FLAGSTAFF, Ariz. — John Moore, mayor of Williams, Arizona, will be shaking a few more hands this election season after announcing his run Oct. 7 for the U.S. House of Representatives under Arizona District 1.
Moore will be running against Republicans Chris Taylor and Tiffany Shedd during the 2020 primary.
In 2018, Wendy Rogers defeated Steve Smith and Tiffany Shedd in the Republican primary for District 1 but Democratic Congressman Tom O’Halleran won his second term during the general election to represent the district.
District 1 stretches along the eastern and northeastern portions of the state and includes Apache, Coconino, Graham, Greenlee and Navajo counties. Portions of Gila, Maricopa, Mohave, Pima, Pinal and Yavapai counties are also included in the district.
Moore has served as mayor of Williams since June 2008. He will retain his position as mayor through Dec. 31, 2020 when his term ends.
Moore believes he is uniquely qualified to serve District 1.
“I’ve spent my life living, working and serving in rural areas. I know these people, I am these people, and I know the kind of support their communities need to succeed,” he said.
He will also be campaigning in reservation communities and said he plans to make sure that once he is elected he returns to those communities and follows through on promises made.
“That’s part of why I’m running — come election time politicians all run to the reservations and all talk a good game but they don’t always play a good game,” Moore said. “They go there and campaign and look for votes and once they get the vote they come back in two years and do the same thing over. In my opinion, unfortunately in between those elections sometimes they don’t do too much.”
Moore said he has considered running for state office for quite some time. He said he is weary of hearing elected officials make promises each election and then not following through on those promises.
“I don’t know if I can make a lot of changes but I can make a lot of noise that may lead to making changes,” he said.
When asked about snowmaking on the Peaks, Moore stated that he understands the economic benefit to the economy, however, he also wants to respect the sacred spaces of tribes.
“I know that I would not like it if someone came into my sacred areas and tore them up and diminished them. On the other hand, it effects the economy of all of us. I don’t say I support it (snowmaking) but I probably don’t,” Moore said.
With the closing of the Navajo Generating Station in Page, Arizona, Moore said he plans to do as much as he can to support the communities impacted and plans to work with the Navajo Nation to find ways to rebuild that economical loss.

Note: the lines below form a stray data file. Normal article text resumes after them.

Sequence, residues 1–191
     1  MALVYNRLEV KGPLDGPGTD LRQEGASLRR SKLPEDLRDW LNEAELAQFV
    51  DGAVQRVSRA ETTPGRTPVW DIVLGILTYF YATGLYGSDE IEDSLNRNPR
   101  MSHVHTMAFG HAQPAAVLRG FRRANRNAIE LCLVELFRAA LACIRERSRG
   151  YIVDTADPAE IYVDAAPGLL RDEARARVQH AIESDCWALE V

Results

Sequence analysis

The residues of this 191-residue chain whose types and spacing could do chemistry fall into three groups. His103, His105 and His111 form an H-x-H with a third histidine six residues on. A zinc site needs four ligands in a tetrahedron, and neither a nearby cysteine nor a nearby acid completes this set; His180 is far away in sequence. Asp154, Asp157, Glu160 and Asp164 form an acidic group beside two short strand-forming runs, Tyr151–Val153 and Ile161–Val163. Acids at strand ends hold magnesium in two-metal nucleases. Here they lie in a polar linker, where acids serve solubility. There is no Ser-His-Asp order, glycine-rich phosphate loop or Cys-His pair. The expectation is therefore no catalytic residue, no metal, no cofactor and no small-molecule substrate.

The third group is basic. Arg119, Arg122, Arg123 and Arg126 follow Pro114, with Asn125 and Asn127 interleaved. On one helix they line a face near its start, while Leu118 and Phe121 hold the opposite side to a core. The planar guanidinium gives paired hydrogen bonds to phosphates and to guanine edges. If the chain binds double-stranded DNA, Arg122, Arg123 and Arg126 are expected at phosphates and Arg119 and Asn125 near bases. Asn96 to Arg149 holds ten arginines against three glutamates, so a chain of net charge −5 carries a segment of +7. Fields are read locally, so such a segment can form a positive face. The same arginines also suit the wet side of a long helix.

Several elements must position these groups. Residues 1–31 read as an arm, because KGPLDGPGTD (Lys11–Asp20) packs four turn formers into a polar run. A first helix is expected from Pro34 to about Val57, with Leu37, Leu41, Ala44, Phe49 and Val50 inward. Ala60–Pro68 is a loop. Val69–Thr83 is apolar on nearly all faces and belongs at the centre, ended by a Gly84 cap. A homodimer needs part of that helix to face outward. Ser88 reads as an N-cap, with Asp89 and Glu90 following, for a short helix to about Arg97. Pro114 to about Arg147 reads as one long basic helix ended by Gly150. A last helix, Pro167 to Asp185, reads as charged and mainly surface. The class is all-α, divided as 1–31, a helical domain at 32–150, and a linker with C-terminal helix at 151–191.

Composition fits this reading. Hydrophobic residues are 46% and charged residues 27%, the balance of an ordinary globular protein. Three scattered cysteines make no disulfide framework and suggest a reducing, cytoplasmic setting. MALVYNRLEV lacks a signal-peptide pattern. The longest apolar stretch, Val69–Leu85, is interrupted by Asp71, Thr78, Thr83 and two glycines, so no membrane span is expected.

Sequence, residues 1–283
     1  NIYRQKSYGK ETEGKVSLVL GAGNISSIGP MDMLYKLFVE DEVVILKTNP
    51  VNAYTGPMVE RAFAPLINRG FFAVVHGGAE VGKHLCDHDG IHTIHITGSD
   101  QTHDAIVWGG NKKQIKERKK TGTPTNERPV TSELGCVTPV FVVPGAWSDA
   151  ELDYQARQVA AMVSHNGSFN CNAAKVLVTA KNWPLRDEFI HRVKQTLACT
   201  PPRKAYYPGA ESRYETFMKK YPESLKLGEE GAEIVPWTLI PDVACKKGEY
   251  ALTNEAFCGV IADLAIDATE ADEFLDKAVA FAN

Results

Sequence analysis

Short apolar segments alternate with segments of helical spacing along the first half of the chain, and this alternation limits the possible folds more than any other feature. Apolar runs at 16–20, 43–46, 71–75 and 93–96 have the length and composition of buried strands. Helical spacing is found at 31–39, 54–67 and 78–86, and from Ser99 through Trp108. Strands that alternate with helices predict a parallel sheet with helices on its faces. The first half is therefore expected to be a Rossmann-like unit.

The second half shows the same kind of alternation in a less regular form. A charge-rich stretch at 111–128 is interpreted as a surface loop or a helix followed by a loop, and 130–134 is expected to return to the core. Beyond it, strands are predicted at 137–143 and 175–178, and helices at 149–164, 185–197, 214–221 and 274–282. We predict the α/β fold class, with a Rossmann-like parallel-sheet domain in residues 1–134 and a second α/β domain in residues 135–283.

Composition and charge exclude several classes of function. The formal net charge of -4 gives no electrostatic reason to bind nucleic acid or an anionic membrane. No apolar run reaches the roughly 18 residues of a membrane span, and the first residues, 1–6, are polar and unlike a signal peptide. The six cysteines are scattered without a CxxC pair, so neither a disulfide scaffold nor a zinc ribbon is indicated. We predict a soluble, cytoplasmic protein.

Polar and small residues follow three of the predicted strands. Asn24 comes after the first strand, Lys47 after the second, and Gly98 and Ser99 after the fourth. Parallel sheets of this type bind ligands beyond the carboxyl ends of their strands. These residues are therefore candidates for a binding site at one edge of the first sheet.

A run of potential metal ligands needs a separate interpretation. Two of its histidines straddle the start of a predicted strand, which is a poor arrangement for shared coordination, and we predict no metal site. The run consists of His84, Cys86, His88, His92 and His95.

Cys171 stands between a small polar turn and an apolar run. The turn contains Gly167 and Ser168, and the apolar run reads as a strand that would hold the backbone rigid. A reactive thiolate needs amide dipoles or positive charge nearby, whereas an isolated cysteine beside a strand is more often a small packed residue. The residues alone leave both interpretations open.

“If and when I’m elected, and I think I will be elected, I don’t know all of the things that I probably need to know at this time but I do know that I will support the Navajo Nation from my level of the federal government to get them any assistance and help they want to keep jobs in their community,” he said. “It effects so much … the old saying is, ‘If people are not working, it creates other problems.’”
Moore has worked with governmental entities throughout northern Arizona in various capacities including as board member and chair of the Northern Arizona Council of Governments (NACOG), which include Apache, Coconino, Navajo and Yavapai Counties, to provide regional services.
Moore moved to Williams from Missouri in 1985 and was hired as the Williams police chief in 1986. He served as a Williams city councilman from 2004-2008 and has served as mayor for the last 11 years. With his background in law enforcement, Moore said he is a firm supporter of the Second Amendment for all responsible gun owners.
“The Second Amendment is real simple,” he said. “The Second Amendment in the U.S. Constitution says we have the right bear arms and no one shall infringe on that right. We don’t need any more than the Second Amendment to give us the right to own guns.”
Another issue important for Moore is ensuring that quality public education is available throughout the district and that state, colleges, universities and trade schools are affordable and accessible.
“Education is important in America, not only Arizona. Arizona has lagged behind in education for a few years. We need to make education more readily available to all our young people, not only high school and college but trade jobs,” he said. “That comes along with keeping the economy and rural Arizona and District 1 moving along so that not only can they be educated, but they can get jobs and continue to live in rural Arizona.”
Moore said during his campaign he plans to visit all of the communities of District 1.
“I plan on visiting every local community and will do my best to see every person in all of those local communities,” he said. “I could care less about the bureaucrats and the politicians, I am for the people and that’s who I will be working for if I am elected.”